INVESTORS have long been wary of America’s sneezes, knowing they can give the world a cold. In Asia they now also fret about Chinese rhinitis, which is proving just as contagious. For financial epidemiologists, this is something of a puzzle. It is to be expected that germs can spread from China, Asia’s biggest economy, to others in the region. But it is surprising quite how infectious they are proving. Unlike America, enmeshed in global markets, China’s economy is in self-imposed quarantine, protected by capital controls that limit its interactions with others.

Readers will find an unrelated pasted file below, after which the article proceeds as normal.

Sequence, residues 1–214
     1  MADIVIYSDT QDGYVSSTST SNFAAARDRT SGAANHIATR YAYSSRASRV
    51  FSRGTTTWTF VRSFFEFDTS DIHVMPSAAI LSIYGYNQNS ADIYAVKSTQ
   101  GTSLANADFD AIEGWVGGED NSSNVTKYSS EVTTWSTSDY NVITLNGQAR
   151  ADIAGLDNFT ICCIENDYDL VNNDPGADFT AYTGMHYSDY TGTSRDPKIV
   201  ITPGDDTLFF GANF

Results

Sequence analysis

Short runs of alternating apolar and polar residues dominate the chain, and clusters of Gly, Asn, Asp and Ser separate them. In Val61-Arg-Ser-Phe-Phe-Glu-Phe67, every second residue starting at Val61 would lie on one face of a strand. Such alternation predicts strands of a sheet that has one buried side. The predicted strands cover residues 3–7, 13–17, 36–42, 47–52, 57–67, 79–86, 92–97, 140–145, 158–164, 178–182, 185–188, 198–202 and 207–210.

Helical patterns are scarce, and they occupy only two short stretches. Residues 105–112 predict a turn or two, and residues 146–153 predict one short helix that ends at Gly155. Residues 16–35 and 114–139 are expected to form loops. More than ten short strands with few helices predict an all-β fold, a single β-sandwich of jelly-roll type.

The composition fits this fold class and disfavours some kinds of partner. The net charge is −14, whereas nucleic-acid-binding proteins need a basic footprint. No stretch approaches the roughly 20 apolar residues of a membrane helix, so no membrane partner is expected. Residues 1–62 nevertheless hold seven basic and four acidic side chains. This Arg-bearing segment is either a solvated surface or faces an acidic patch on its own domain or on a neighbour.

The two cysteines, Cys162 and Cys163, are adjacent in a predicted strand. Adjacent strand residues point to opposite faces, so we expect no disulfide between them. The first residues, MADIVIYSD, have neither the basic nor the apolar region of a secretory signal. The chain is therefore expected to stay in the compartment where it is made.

Yet China’s impact on Asian stockmarkets is now nearly as potent as America’s. Two recent papers, one from the IMF and one from the Bank for International Settlements (BIS), a forum for central banks, reveal the extent of the change over the past decade. The IMF estimates that the correlation between the Chinese stockmarket and those in other Asian countries has risen to more than 0.3 since June last year (1 is a “perfect” correlation), double the level before the global financial crisis. That is still below the 0.4 correlation between America and Asia, but the gap is closing fast (see chart). According to…Continue reading